Osiris, Usire Asar, Ausar, Unnefer, Wesir

The Egyptians worshipped
many different types of gods.
Most of the gods were once
Pharaohs, and when they
passed through the underworld
they became gods.

You will find duplications  
and differences of descriptions
on this page due to traditions
from different cultures.




In addition to native variations by locality or over time, there are often several possible transliterations into the Roman alphabet used for English.)

English name: Green Man (the term “Green Man” refers to a class of deities from many different traditions, of which Asar is a Tameran example — Asar was commonly depicted as a green man)


Osiris plays a key role and is a central figure in the ancient Egyptian mysteries and in the Order Of The Morning Star. It was Osiris who was the beloved pharaoh of Egypt. It was Osiris who taught the people of the land of Egypt about farming. Osiris was and is one of the first "Green Men", in that he was also the god of vegetation. When Osiris became ruler over the land of Egypt, the people were engaged in the practice of cannibalism. Osiris helped them to evolve beyond cannibalism and to learn farming skills.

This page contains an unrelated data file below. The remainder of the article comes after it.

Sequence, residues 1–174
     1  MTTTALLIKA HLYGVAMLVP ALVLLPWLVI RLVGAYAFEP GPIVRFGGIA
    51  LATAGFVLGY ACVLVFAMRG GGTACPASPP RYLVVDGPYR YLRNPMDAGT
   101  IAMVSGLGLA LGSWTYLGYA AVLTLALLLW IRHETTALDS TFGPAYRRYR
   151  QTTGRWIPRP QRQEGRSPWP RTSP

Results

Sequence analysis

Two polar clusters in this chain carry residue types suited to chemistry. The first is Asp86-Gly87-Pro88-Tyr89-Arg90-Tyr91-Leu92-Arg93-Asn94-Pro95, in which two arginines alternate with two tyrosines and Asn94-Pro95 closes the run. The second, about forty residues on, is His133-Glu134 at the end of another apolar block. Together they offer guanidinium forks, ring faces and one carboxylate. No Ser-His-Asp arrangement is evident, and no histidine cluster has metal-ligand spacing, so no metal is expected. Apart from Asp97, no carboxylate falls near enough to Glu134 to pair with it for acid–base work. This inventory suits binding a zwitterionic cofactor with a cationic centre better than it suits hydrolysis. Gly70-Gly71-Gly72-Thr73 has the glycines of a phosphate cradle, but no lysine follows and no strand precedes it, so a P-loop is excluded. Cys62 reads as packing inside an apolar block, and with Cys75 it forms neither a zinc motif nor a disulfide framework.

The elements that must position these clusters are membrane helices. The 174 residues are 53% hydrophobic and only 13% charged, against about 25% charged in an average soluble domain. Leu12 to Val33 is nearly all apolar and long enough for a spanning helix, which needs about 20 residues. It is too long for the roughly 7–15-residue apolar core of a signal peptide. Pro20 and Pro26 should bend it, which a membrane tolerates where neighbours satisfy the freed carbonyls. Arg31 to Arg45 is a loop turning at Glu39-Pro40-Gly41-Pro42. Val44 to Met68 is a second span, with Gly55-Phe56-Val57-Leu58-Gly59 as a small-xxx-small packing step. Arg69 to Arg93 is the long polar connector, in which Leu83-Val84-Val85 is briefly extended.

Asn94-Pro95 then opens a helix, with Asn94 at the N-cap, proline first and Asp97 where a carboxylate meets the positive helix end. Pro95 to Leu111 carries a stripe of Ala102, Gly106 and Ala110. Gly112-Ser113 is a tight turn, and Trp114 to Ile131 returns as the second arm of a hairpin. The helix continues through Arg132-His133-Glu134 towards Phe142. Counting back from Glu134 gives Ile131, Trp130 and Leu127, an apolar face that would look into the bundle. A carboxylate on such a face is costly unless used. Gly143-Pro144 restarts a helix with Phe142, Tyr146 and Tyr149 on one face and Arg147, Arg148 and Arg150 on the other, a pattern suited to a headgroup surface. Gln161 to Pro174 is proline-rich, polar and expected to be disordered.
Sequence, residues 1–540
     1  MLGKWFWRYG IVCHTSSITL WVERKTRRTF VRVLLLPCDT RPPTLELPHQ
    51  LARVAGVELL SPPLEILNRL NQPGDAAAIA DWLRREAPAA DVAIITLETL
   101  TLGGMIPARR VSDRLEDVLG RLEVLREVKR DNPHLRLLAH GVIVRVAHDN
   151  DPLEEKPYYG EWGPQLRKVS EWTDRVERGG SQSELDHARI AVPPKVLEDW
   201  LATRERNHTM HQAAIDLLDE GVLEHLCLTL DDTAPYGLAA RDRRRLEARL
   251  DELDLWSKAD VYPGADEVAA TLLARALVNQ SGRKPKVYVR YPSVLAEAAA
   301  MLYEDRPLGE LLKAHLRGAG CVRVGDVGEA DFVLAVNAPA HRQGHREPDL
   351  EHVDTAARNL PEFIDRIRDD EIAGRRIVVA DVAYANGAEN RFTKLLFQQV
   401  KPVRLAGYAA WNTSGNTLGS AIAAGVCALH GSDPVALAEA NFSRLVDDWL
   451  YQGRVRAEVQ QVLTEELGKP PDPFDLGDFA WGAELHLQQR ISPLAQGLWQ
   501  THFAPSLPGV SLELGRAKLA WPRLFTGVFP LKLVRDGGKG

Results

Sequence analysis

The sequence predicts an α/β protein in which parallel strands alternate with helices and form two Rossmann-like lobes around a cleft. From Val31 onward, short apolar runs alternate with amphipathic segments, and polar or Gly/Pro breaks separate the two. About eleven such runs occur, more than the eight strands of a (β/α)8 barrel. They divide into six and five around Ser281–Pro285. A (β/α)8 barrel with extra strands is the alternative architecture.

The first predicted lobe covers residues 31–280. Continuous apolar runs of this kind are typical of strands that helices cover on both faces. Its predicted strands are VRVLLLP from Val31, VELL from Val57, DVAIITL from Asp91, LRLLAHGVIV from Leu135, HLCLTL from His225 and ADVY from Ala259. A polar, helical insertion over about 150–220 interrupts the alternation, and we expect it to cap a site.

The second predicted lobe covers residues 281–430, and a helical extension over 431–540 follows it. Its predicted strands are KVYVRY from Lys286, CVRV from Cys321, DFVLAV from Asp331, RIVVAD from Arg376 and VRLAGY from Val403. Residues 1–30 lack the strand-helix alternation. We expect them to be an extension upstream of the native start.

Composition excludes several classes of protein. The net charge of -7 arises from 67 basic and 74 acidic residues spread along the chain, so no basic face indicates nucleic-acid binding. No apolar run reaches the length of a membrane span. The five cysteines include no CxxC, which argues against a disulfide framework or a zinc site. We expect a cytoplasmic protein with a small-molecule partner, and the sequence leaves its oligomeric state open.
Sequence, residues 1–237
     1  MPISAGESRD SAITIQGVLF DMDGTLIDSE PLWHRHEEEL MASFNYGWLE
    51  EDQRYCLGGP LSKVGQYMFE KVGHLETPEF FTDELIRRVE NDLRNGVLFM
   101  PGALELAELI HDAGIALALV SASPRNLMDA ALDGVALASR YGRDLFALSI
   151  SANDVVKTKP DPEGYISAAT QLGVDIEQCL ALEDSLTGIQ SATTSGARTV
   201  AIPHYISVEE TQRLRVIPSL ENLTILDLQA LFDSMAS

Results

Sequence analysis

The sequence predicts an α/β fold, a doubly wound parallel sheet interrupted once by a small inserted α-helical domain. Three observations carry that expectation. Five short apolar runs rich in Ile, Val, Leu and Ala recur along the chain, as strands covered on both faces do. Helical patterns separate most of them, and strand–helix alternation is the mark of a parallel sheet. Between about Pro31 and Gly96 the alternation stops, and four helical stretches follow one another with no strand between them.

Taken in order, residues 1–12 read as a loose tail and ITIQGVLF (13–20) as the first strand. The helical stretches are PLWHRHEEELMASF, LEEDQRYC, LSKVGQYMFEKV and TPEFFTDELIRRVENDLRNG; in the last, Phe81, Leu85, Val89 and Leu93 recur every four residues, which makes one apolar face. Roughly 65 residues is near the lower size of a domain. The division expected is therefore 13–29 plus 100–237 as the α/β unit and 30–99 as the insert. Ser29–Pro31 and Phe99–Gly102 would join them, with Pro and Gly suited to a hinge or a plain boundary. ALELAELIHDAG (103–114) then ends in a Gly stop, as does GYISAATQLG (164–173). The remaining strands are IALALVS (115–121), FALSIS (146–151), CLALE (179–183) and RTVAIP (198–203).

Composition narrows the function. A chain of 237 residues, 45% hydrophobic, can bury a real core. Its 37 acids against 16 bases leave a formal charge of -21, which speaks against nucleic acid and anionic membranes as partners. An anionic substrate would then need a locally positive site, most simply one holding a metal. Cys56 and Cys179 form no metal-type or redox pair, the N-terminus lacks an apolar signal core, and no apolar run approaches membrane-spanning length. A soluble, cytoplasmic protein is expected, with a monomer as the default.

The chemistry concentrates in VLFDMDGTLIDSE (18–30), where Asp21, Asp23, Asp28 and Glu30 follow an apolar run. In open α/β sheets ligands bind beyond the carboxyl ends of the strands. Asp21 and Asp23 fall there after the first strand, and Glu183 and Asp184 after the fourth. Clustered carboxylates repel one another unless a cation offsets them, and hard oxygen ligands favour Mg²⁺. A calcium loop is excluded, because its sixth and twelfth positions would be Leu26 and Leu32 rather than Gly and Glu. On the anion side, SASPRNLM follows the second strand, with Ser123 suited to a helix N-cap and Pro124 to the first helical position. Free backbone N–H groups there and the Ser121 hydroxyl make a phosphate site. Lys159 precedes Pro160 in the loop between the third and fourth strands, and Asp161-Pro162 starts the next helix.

Osiris is the husband of Isis. In that after thousands of years all female goddesses became merged as an aspect of Isis, she too is central to Egyptian symbolism. Most scholars know of the tragic story of the death of Osiris. He was murdered by his evil brother Set. Set is equated with Typhon-Apophis of the Greeks. Set is the destructive aspect that the alchemical principal must undergo, and thus be reborn into a new and purified creation. (Satan is based on the personage of Set) That is exactly what happened to Osiris. His death or as the alchemist would say his putrefaction was carefully evolved through the power of Isis under the magical direction of Thoth.

Essentially, a formula was being created in the mythos. It is the alchemical formula of I.A.O., Isis, Apophis, Osiris, Birth, Death, resurrection. To the Adept this is a powerful process of transformation that unlocks the keys of magical power and of immortality.

For as Osiris died, through the power of Birth (Isis) under the authority and skill of Thoth (The Higher Genius) Osiris arose on the physical plane as the great avenging god Horus, his son. On the spiritual plane Osiris became the great god of the underworld. Like Christ he became the god that the Egyptians needed to become in order to be saved. What this means is that unless the initiate allows for the complete transformation of the self under the direct guidance of the Higher, no true and lasting power can be obtained. Osiris is the reconciler with the Lower Selfhood in which no birth or death is necessary. We can refer to it as "The Bornless One."